Christian communities throughout the Middle Ages used the Bible as a tool for the education and edification of both the clergy and the laity. No other book in the Middle Ages invited commentary as the Bible did, and the sheer bulk of the material that has been preserved is impressive. Commentaries alone do not do justice to the wide range of scholarly writing that the Bible inspired. Lexicons, chronologies, concordances, versifications, and abridgments all attest to the primacy of the Bible as the medieval study book. Not all of this material is available today in print; much of it exists in manuscript only. Most of it is also forgotten or ignored by modern biblical interpreters, which is unfortunate. In modern Jewish circles, it is not uncommon to consult Rashi, a medieval interpreter, on matters of scriptural interpretation; by contrast, no equivalent for Rashi exists in the Christian tradition. The inaccessibility of the texts is partly to blame for this; of the medieval commentaries that are available in print, relatively few have been translated into modern languages. Another reason is that, as we have seen in the previous chapters, modern hermeneutical assumptions have shifted away from the questions that medieval commentaries asked of the text. Their reasoning seems hard to follow and often appears repetitive and unoriginal. The influence of patristic commentary on the medieval tradition is immense, to the extent that some scholars have dismissed the medieval exegetical tradition as purely derivative. As we will see later, however, this assessment does not do justice to the medieval commentary tradition. Although not everyone may agree that these medieval commentaries are relevant for modern theologians and preachers, read in their proper context, they can nevertheless give fascinating insights into a variety of aspects of medieval life, not just theology and biblical interpretation. The tradition of biblical interpretation touches on topics as diverse as science, education, psychology, and politics.
For a long time, even in the scholarly world, the history of the Bible in the Middle Ages was thought to be a field that held little interest except for a small group of specialists. This began to change shortly after World War II, with three important, almost simultaneous publications: in 1946, Ceslas Spicq published his Esquisse d'une histoire de l'exégèse latine au Moyen Âge (Sketch of a History of Latin Exegesis in the Middle Ages), a concise survey of medieval biblical exegesis. Spicq's Esquisse was almost exclusively based on a survey of the texts he found in Jean-Paul Migne's Patrologia Latina, a comprehensive printed edition of Latin patristic and medieval church writers from Tertullian (second century c.e.) to Innocent III (1215). For the period after the latter, Spicq limited himself to the few authors whose work was edited, while providing a handlist of authors whose work was available in manuscript only. In 1952, Beryl Smalley published her Study of the Bible in the Middle Ages, an epoch-making work, which showed that serious textual biblical studies began not with the Enlightenment but much earlier, in the Carolingian period, and reached an intellectual peak in the twelfth century. In contrast to Spicq, Smalley's work ventured into the vast array of unprinted texts in medieval collections, uncovering sometimes surprising aspects of medieval biblical scholarship and putting half-forgotten authors, such as Andrew of Saint Victor, back into the limelight. Like Spicq, however, Smalley left the work of the fourteenth- and fifteenth-century exegetes largely unexplored. Between 1959 and 1964, Henri de Lubac published his magisterial four-volume Exégèse médiévale. Les quatre sens de l’écriture (Medieval Exegesis. The Four Senses of Scripture), in which he demonstrated that the rich spiritual tradition of medieval exegesis had relevance for twentieth-century theology. In fact, Lubac argued, modern theology might have omitted an essential Christian element by discarding the patristic and medieval traditions of interpretation and one-sidedly embracing the Enlightenment historical-critical method. Since then, medieval exegesis has been a subject of serious scholarly attention and reappreciation.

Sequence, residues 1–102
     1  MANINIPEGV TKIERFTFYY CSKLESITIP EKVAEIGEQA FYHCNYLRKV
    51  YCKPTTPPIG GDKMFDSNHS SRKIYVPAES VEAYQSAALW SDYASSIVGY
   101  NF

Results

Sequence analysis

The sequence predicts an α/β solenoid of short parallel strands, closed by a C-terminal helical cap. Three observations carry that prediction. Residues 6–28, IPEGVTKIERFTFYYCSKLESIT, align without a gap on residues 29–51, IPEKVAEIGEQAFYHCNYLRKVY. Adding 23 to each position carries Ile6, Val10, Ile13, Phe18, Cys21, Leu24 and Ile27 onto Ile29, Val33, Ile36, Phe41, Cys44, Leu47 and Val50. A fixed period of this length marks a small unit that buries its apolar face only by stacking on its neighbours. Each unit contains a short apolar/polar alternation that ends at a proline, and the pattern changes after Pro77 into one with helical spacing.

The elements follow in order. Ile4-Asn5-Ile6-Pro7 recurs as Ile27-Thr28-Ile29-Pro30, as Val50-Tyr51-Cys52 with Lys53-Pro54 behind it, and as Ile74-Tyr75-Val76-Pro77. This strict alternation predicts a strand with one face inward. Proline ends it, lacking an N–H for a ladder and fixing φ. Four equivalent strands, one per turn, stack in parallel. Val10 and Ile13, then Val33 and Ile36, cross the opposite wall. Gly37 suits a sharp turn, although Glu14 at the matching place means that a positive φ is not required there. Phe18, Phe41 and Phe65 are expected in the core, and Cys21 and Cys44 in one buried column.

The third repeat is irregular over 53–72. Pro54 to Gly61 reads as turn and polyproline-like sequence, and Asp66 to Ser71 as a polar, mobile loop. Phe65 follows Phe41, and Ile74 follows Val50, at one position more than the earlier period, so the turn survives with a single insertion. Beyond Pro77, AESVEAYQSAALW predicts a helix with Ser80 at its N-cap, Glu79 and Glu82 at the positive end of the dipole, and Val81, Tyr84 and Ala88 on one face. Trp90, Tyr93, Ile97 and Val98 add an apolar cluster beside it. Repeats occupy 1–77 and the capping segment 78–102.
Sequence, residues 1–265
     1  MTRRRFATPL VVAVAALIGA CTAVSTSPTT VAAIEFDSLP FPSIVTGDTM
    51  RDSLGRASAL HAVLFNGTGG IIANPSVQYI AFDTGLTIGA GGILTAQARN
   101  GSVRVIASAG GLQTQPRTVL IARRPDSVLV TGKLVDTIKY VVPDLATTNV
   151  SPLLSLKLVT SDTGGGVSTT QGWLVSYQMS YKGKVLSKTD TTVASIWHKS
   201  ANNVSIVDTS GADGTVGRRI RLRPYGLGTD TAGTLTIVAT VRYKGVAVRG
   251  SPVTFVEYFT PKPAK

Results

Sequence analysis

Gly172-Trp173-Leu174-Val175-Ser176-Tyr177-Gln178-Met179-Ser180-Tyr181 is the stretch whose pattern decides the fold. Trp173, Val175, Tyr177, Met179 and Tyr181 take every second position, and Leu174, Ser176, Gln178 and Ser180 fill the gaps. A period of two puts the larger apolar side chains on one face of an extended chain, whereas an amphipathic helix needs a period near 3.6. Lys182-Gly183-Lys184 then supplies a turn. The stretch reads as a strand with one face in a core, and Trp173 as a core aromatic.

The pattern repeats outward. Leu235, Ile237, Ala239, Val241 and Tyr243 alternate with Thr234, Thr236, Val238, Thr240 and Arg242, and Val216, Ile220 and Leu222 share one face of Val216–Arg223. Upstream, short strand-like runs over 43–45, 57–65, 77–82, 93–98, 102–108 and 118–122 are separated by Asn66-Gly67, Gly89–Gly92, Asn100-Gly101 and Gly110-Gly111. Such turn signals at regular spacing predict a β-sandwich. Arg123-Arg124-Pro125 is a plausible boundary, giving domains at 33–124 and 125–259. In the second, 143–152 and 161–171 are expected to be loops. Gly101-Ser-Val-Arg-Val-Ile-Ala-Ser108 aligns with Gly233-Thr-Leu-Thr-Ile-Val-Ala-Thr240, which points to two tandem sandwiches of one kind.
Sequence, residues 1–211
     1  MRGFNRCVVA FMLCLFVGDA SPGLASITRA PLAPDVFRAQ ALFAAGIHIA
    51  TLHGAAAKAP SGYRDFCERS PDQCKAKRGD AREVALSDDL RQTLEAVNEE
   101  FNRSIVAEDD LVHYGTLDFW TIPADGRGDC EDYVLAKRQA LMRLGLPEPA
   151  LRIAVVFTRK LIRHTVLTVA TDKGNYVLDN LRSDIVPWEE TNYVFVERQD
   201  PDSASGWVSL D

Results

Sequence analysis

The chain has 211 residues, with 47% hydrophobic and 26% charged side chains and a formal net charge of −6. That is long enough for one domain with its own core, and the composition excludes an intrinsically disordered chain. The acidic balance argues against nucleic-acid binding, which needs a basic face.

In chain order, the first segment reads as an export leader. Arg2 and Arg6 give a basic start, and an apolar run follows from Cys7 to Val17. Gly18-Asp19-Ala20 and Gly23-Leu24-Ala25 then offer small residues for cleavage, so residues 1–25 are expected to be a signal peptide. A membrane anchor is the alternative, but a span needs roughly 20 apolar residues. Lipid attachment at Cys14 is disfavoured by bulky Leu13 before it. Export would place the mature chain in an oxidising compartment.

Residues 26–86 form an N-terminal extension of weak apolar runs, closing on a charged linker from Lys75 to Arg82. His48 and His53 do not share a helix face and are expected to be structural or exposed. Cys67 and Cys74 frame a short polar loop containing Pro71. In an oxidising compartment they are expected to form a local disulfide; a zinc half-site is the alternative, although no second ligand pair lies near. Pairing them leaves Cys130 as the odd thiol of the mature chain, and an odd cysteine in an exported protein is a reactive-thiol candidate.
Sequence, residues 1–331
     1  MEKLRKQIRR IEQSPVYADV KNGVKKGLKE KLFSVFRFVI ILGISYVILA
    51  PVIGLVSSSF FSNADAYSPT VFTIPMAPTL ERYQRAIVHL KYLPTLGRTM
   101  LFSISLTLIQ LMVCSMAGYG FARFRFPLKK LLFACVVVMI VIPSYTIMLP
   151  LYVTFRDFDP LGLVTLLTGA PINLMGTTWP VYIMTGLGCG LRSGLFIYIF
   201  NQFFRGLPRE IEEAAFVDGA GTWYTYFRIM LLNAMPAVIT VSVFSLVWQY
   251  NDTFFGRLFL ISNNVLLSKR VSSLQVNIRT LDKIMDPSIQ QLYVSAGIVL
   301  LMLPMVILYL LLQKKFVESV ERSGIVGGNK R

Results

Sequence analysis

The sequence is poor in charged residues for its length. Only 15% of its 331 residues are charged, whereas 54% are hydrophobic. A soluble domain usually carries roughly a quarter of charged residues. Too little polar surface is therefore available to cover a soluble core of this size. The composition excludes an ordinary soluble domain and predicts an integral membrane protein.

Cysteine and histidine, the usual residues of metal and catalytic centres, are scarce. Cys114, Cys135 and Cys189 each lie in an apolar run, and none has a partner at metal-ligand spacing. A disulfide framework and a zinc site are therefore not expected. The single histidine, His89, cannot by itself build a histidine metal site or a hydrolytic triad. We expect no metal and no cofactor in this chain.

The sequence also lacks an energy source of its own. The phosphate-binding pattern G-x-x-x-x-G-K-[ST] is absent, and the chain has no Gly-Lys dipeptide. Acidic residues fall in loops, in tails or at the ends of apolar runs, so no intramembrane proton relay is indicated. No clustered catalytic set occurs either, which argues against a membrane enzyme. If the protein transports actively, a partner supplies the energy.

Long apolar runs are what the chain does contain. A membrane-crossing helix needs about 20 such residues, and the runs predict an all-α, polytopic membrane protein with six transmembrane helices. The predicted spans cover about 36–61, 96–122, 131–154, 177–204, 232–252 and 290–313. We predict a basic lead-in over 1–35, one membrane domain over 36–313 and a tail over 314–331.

The influence of the Bible in the Middle Ages was enormous. Whether read in private devotions, prayed in communal liturgy, commented on in classroom lectures, expounded on in sermons, painted on church walls, or sculpted in cathedral portals, its influence shaped not only moral and spiritual life but also intellectual, aesthetic, and social life. One cannot understand the medieval world without appreciating the scope of medieval people's engagement with biblical stories, characters, and images. Students of medieval history and religion are the primary intended audience for this book. It aims to provide them with a basic understanding of the medieval Bible, the formation and transmission of its text, and its traditions of interpretation. Although there are many introductions and handbooks to the Bible, most of these follow the historico-critical method, a tradition of biblical interpretation that has its origin in the Enlightenment. This method builds on the assumption that in order to retrieve the meaning of a text, we need first to establish its “original” form, study this within its historical context, and analyze what the author tried to convey to his intended audience. Thus, textbook introductions to the Bible tend to pay ample attention to biblical archaeology and to the historical context of the authors, editors, and redactors of the Hebrew and Greek texts. They typically offer linguistic analysis of the text and perhaps an historical survey of its transmission, including the formation of the canon. But they usually stop there. If they do include a history of biblical scholarship and interpretation, this usually starts with the Renaissance and Reformation. The Middle Ages are thus obscured from view, although the rich body of medieval biblical illustrations is often freely exploited for its aesthetic value.